The upper end of the through-holes (3) on the external surface of the said main part of the casing is in intimate contact with the start of metal conducting tracks (9), as may be clearly seen in FIGS. 1 and 2, the said tracks extending, in particular, towards the periphery of the said casing as far as the connection pads.
In this way, the casing (2), apart from its role of protection and also, in conjunction with the support (1), of defining a sealed cavity (4) capable of containing either a controlled atmosphere or a vacuum, constitutes a connection relay more particularly appreciable when microcomponents (5) requiring complex connections are used.
FIG. 3 illustrates the step of producing a component according to the invention, after the step illustrated in FIG. 1. In FIG. 3, the casing (2) is positioned on the support (1) and rests via the wettability area (11) on the sealing bead (7) placed beforehand on the support (1).
This positioning step is carried out in a strict manner so as to make the through-holes (3) coincide with the microballs (8). In this regard, it should be noted that the diameter of these microballs is less than the diameter or the thickness of the sealing bead (7). Furthermore, although the latter has been illustrated schematically with a square or rectangular cross section in FIG. 1, it may also have a substantially circular or semicircular cross section.
The positioning operation is carried out either automatically, by means of a suitable machine known as operation has been carried out, either an enclosure (10) is brought over the component(s), or the component(s) are brought into the enclosure. According to another alternative, the positioning is carried out within this enclosure (10). Whatever the case, this enclosure (10) is closed and the desired atmosphere within the cavity (4) is produced, that is to say either a controlled atmosphere or, on the contrary, a high vacuum.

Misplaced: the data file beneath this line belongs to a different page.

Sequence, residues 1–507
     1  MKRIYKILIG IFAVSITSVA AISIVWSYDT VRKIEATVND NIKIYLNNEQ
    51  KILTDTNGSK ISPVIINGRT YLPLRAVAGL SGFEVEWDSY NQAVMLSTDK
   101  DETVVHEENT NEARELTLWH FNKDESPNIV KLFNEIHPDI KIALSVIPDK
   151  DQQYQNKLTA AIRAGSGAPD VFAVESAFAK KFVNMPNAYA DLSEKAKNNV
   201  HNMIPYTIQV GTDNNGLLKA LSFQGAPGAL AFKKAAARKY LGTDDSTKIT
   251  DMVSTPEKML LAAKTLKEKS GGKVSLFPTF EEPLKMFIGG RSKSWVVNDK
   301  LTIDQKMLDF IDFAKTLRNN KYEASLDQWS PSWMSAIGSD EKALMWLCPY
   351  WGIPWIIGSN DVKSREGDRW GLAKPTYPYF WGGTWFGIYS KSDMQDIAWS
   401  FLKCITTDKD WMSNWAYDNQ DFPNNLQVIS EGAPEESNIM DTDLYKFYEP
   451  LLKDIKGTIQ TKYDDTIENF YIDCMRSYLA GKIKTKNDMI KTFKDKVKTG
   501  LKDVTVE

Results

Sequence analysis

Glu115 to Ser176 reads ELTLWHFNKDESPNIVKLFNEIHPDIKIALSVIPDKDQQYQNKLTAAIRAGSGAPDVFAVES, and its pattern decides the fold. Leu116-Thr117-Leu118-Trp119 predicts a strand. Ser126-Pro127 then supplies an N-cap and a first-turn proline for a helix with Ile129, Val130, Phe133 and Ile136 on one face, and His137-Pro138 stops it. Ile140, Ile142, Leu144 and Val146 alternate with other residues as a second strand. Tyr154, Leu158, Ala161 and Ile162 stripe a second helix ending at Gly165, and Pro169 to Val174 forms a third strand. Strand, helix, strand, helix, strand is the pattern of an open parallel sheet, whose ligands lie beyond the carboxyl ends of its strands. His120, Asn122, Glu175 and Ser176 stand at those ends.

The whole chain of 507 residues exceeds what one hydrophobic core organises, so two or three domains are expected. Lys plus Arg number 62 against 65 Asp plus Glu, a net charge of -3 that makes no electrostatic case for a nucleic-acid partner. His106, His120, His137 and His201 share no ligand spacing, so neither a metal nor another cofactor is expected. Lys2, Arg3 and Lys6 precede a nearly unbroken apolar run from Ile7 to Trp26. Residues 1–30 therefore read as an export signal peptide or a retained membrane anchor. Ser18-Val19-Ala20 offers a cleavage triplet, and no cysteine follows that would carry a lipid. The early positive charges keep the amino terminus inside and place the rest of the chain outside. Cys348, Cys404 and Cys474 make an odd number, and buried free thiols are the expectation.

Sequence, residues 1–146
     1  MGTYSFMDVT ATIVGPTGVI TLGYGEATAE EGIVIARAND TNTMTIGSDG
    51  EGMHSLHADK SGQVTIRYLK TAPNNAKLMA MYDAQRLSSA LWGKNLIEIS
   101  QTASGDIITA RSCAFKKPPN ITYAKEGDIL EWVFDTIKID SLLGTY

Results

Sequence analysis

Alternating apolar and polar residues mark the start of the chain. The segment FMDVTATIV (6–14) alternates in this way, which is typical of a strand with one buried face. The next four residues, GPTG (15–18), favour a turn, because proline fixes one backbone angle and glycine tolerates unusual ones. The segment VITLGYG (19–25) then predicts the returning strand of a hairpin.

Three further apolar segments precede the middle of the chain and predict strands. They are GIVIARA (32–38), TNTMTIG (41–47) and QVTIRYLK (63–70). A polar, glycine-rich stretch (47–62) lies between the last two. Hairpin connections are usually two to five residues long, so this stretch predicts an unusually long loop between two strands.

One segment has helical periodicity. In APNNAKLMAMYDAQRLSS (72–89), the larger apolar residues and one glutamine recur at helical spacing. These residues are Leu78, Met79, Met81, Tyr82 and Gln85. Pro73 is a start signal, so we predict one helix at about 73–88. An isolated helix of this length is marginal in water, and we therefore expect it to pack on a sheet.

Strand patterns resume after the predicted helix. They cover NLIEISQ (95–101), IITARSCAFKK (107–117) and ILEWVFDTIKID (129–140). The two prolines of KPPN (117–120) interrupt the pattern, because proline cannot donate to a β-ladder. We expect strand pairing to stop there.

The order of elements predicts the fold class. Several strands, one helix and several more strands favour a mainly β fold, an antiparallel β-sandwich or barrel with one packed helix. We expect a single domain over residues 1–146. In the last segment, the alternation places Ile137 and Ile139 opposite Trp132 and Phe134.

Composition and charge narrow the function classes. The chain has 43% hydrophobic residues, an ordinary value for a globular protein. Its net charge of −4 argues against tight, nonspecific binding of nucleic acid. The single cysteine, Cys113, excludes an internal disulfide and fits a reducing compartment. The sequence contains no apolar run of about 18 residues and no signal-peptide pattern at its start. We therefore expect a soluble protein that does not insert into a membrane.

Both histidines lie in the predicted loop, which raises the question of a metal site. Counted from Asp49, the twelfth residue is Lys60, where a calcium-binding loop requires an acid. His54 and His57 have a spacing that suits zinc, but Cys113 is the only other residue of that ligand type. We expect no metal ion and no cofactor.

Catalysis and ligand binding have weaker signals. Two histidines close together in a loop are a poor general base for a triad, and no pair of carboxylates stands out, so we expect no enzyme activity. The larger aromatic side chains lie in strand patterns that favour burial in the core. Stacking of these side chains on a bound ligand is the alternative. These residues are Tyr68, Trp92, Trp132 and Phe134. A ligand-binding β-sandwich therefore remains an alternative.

The temperature within the enclosure (10) is then raised sufficiently to melt the constituent material(s) of the sealing bead (7) and of the microballs (8), respectively. The respective dimensions of the bead (7) and of the microballs (8), as well as those of the wettability areas, especially (11) and (12), are chosen in such a way that this melting causes the cover or casing (2) to be lowered in the direction of the support (1) sufficiently, on the one hand, to cause the melted microballs (8) to come into contact with the metallization produced within the through-holes (3) and, on the other hand, to cause the said microballs (8) to be soldered to the holes (3), as may futhermore be clearly seen in FIG. 4.
Apart from sealed and effective soldering of the casing (2) to the support (1) around the bead (7), as well as at the microballs (8), electrical continuity between the tracks (6) on the support (1) and the tracks (9) on the casing (2) is consequently obtained, thus allowing effective operation of the component (5).
FIG. 5 illustrates conducting tracks (14) extending beyond the cover, as well as the passivation layer (15) which is then necessary.
All the advantages of the invention are therefore readily appreciated in so far as, apart from the possibility of dispensing with the additional passivation step described in the preamble, given that all the connections on the support (1) may be located set back from the sealing bead, particular benefit is derived from an additional connection stage, thus making it possible to safeguard high-performance material (the support (1)) while at the same time making it possible to increase the complexity of the actual component. In this way, the reduction in the size of these components is again optimized.